What a time to be alive! Artificial intelligence for candidate matching, advanced site Boolean strings, free recruitment software for phone numbers and email addresses, as well as data lists and scrapers, are making candidates easy to find these days. You can swiftly identify Non-exempt and high-level exempt candidates via the internet. The REAL struggle begins when you attempt to woo a passive candidate to respond to your messages.

We must now train talent acquisition professionals to use modern technology to source candidates, but the technology exists. You can teach almost anyone to use it. However, today’s Recruiters and Sourcers that have not received recruitment marketing engagement training are at a profound disadvantage for recruiting in today’s market. It is easy to waste hours sourcing the most qualified candidate is wasted when the messaging sent isn’t transparent, genuine, and worth the candidates read. Honestly, I think some talented professionals forget to feel like the candidate.

Thirty years ago, the employees in a Personnel department sat around waiting for candidates to funnel in from the two-thousand-dollar Sunday newspaper advertisements. When the candidates didn’t arrive at fill-out paper applications, we hit the phones using the Rolodex. God love agency recruiters, they never moved away from cold calling, but many corporate recruiters have lost the skill. There is a magic that happens when a Recruiter goes back to the basics of leveraging referrals and picking up the phone (or text or, however, people prefer).

There is already a recruitment marketing philosophy that subscribes to the idea of candidates as consumers. Consumers desire relationships. The wham-bam-thank-you-ma’am type of recruiting gives our industry a bad name. Anyone reading this has probably received a spam email about a job they are over or underqualified for. That type of unsolicited connection rubs a consumer the wrong way. The consumer wants to know who they are dealing with. Think about your own life. A consumer likes to use the same mechanic, hairstylist or barber, auto dealership, HVAC tech, pool guy, personal lawyer, accountant, etc.… The consumer wants to do business with someone who knows their preferences. There is no reason why a candidate can’t see a talent acquisition professional as “their recruiter.”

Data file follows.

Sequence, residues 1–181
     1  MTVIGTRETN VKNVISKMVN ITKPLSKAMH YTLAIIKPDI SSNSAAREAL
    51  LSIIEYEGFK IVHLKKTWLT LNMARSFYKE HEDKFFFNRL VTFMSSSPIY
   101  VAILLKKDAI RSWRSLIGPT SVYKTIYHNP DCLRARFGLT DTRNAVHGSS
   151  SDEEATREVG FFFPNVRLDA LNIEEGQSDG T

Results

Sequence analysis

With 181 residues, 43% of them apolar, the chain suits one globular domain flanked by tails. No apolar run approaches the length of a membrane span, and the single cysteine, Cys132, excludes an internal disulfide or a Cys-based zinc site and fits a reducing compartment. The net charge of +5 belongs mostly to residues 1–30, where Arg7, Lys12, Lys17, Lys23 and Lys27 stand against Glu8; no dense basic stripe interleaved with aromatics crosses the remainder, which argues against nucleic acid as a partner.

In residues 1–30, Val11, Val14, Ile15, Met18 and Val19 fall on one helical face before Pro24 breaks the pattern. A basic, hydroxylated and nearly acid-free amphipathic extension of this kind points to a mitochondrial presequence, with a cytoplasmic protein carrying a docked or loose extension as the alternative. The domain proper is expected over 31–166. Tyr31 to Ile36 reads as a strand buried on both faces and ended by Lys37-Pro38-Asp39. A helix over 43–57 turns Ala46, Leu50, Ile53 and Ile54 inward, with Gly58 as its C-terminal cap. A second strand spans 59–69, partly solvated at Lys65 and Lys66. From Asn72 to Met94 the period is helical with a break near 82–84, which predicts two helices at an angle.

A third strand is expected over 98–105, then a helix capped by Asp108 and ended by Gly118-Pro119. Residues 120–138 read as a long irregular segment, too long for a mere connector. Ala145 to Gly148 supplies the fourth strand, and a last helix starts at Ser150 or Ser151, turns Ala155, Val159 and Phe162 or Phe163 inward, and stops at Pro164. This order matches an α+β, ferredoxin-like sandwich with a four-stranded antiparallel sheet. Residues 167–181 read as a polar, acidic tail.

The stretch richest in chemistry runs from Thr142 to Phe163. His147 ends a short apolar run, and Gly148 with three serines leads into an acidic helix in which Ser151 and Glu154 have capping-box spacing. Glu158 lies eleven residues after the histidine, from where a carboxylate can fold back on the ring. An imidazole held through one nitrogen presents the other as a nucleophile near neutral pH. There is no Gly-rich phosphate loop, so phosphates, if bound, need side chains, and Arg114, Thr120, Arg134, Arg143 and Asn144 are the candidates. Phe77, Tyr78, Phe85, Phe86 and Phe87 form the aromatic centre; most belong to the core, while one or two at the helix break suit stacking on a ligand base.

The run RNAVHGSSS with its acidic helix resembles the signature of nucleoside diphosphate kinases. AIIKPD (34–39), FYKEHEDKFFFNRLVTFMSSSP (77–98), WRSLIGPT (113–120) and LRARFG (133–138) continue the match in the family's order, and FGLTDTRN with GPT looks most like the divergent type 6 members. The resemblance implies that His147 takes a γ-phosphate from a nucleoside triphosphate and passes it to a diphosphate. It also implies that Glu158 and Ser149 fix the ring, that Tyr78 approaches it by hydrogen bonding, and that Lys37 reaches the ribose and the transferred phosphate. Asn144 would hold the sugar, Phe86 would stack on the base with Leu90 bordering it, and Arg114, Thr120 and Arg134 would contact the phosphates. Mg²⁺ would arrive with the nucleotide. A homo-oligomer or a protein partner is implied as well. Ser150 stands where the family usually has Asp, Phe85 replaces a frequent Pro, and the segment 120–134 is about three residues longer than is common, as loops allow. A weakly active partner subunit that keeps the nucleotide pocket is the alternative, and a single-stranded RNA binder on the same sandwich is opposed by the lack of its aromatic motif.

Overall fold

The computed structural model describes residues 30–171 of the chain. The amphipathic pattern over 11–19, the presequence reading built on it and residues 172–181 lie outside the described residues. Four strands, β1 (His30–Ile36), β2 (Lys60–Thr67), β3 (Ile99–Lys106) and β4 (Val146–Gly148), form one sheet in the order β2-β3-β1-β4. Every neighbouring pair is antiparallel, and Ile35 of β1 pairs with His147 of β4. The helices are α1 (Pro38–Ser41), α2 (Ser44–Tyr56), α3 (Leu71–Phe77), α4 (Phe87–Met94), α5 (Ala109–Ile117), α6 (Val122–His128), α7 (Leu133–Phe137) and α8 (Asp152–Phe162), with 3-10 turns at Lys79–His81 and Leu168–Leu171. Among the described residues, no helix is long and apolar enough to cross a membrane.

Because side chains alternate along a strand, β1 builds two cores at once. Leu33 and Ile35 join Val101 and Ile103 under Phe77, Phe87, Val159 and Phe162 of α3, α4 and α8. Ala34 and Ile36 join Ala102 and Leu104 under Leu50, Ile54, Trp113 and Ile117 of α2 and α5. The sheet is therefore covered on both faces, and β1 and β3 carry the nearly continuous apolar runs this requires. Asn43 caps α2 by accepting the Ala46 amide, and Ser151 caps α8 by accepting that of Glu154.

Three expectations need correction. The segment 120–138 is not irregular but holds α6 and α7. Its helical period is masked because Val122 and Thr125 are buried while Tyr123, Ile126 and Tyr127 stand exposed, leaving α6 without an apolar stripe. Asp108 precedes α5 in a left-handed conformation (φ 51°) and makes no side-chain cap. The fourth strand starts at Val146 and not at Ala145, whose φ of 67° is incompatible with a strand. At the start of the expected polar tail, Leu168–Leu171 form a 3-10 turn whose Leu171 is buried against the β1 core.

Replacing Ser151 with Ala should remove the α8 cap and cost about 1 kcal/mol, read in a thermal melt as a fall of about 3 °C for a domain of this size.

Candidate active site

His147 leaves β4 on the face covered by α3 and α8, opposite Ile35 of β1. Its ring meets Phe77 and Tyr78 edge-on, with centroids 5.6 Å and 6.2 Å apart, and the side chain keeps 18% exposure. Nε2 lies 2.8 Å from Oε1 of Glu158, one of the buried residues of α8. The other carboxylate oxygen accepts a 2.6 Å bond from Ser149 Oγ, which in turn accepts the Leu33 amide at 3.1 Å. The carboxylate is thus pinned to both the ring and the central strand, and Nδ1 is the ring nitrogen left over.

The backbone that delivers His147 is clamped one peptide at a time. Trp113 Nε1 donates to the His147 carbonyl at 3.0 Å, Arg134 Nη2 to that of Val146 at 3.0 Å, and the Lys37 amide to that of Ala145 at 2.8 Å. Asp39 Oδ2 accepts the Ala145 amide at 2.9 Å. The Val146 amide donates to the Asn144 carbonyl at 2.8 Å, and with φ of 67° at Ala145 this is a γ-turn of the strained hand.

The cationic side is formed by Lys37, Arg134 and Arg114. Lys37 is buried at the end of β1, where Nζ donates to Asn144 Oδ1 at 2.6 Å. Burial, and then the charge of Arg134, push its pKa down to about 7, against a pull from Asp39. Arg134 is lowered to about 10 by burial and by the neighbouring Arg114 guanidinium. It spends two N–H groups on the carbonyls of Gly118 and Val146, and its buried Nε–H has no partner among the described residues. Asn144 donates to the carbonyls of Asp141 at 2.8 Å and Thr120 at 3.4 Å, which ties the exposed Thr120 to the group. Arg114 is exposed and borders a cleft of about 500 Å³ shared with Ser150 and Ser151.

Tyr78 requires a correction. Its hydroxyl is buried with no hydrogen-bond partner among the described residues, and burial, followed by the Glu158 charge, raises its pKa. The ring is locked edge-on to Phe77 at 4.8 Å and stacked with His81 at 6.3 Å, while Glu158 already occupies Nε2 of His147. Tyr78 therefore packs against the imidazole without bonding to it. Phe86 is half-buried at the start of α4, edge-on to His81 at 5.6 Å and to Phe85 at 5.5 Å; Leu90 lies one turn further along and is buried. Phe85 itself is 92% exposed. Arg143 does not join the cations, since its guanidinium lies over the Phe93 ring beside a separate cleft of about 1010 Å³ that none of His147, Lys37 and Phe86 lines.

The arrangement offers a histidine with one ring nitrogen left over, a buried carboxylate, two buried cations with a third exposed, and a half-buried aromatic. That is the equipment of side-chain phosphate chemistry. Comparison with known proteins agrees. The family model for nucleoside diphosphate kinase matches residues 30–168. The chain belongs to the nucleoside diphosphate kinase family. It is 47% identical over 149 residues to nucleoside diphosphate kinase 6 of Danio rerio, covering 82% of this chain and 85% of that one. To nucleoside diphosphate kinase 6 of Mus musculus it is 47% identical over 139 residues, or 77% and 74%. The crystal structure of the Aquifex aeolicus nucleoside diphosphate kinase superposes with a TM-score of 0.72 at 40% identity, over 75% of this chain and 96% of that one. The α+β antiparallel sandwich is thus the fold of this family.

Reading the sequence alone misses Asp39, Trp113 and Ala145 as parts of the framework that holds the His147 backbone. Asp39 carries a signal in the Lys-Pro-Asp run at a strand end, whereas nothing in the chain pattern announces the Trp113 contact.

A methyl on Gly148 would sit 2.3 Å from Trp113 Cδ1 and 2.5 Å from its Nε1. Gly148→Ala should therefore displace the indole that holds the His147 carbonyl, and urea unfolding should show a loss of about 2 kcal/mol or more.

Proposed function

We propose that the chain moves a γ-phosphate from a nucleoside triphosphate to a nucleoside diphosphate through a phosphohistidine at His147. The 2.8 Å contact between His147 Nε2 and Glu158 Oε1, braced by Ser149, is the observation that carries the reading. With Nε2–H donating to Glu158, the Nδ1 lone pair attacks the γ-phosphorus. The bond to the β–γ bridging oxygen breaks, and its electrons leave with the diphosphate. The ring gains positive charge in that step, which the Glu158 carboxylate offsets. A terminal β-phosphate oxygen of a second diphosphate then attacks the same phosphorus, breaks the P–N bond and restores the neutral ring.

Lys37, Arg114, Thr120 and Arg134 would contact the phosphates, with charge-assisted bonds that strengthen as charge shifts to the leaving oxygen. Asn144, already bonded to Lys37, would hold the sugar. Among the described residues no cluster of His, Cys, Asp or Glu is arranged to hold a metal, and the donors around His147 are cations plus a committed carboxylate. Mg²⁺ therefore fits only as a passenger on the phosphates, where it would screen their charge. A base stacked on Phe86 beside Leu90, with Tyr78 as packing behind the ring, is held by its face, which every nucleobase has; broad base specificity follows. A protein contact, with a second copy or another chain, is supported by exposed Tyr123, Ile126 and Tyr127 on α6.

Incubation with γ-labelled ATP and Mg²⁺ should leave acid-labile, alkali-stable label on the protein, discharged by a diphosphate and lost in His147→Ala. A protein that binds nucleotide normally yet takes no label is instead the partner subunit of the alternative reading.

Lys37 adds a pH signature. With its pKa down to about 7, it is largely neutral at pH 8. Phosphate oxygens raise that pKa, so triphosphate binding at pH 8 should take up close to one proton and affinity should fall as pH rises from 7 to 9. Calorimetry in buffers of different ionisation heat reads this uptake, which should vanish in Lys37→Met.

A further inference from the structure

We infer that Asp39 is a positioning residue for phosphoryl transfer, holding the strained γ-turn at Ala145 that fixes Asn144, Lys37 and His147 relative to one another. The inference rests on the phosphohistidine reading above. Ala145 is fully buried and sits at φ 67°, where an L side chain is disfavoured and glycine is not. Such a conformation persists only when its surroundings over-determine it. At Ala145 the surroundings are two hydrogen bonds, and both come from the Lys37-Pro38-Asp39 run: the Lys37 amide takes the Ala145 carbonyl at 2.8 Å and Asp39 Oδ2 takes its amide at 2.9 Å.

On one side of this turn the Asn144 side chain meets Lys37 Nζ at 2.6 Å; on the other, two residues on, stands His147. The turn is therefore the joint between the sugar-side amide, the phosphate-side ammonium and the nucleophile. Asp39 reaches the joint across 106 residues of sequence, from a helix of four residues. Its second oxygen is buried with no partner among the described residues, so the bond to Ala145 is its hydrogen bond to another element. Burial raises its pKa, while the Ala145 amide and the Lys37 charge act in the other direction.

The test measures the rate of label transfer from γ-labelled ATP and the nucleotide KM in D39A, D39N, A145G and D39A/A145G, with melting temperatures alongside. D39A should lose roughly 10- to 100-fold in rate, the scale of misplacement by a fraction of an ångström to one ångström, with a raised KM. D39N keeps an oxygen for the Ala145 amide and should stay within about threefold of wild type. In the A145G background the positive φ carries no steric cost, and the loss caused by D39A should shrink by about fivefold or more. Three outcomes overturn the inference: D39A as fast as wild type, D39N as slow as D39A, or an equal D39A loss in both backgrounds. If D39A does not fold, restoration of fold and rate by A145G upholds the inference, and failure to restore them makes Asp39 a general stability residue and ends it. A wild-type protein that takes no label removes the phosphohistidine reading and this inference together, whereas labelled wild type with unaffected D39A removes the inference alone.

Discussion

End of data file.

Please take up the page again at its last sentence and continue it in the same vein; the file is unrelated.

Reviving traditional standard operating procedures centered around relationships with candidates and peers is how challenging positions will be filled through the pandemic and beyond. Asking for references and referrals, knowing your candidate’s preferences, leveraging your network, gathering allies, asking for help, sharing, and networking are old-school techniques that are not only free but take little time to complete. When our backs are against the wall and cannot find a match, we tend to turn to the internet and job boards. There was a reason we used just to hit the phones when we struggled on a position years ago, because it was free, fast, and it works! Humans tend to respond for help, so let’s use who we know to our advantage and ask for help. Modern-day crowdsourcing is just an updated telephone tree.

So, what is the best-case scenario? I am not advocating that we ONLY use old-school methods to identify and connect with candidates. There are talent acquisition professionals who take a mix of traditional recruiting methods and combine them with today’s technology. A combination of tactics is ideal and a healthy way to stay engrossed in our occupation. The most important thing to think about when recruiting and sourcing today, whether you use technology or not, is to feel like the candidate. Speak to your candidate using transparent words. Try to break the HR Lawyer speak. There are plenty of ways to be truthful without getting sued. And listen. Listen to the candidate. That is the best Sourcing tool available.

Happy Hunting!

Christine is a Senior Consultant on Sourcing and Recruitment Marketing strategies with Lean Human Capital By HealthcareSource. She is also an Instructor with The Recruiter Academy. Additionally, Christine is a Doctor of Business Administration candidate researching talent sourcing strategies in healthcare. This is Christine’s 30th year in Talent Acquisition.